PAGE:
One of the most common treatments for cancerous tumors is therapeutic radiation, which can be very effective and even life-saving. However, doctors are now recognizing that when patients receive radiation to the chest, cardiac issues can sometimes occur as a result — often years or decades later.
In this video, Bruce Lytle, MD, chairman of the Heart & Vascular Institute at Cleveland Clinic, describes how radiation in the vicinity of the heart can cause damage to normal structures that may not come to fruition for many years. Some of the issues that may result include pericardial disease, valvular heart disease and radiation-induced cardiomyopathy.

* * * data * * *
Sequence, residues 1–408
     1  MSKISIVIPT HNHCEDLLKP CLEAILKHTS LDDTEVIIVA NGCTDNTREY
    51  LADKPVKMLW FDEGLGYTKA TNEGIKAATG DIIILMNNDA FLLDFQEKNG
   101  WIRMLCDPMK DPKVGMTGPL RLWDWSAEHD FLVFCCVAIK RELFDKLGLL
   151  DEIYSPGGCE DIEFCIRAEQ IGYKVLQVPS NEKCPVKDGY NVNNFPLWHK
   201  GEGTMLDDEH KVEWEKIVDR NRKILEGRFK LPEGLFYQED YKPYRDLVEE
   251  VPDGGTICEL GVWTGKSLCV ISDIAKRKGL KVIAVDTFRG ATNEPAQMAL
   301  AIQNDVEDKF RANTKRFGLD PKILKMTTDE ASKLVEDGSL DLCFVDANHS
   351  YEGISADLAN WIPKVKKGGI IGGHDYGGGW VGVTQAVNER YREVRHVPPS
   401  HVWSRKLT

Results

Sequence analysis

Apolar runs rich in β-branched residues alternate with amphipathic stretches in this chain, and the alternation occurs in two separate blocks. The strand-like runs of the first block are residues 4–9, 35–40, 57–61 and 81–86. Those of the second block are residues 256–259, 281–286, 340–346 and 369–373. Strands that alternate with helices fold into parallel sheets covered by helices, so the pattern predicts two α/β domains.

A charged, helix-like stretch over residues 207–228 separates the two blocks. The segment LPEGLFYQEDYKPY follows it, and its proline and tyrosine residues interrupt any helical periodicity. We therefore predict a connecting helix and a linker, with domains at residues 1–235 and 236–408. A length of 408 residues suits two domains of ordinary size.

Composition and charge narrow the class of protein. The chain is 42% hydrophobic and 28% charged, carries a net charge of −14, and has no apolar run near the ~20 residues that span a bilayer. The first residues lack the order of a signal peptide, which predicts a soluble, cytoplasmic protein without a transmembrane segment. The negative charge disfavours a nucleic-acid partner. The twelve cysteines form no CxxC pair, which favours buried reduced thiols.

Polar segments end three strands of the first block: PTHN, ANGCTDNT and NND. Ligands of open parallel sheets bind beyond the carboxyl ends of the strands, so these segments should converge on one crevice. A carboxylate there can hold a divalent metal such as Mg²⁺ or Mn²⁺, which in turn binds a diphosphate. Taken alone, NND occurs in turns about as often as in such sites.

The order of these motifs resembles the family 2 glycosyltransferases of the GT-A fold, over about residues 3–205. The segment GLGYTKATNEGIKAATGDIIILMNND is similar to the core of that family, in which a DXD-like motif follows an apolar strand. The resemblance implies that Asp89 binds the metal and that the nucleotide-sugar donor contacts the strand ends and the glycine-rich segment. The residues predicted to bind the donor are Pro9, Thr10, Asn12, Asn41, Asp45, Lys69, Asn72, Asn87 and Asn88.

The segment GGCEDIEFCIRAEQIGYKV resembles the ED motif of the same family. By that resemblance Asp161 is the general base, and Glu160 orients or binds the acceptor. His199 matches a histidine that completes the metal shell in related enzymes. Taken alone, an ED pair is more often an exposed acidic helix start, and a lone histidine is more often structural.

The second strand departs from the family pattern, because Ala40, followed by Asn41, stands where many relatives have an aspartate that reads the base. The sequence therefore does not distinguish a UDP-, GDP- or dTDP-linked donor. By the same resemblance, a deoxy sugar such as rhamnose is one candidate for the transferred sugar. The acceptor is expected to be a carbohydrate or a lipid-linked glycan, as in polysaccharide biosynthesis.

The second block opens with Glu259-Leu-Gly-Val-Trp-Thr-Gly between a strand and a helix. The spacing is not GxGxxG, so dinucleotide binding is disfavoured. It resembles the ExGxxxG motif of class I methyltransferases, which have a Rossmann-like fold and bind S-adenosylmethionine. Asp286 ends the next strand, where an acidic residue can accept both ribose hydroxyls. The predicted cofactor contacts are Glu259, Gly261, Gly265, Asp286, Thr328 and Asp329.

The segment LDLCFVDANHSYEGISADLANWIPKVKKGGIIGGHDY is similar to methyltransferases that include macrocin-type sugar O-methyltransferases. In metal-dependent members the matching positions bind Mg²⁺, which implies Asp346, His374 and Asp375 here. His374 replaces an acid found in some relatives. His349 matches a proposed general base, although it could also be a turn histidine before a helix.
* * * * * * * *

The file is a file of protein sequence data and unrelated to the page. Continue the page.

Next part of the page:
Dr. Lytle explains how a specialist called a cardio-oncologist, who treats both cancer and heart conditions, can help. The cardio-oncologist can identify what type of heart problem is causing a patient’s symptoms and whether surgery or other types of treatments could help.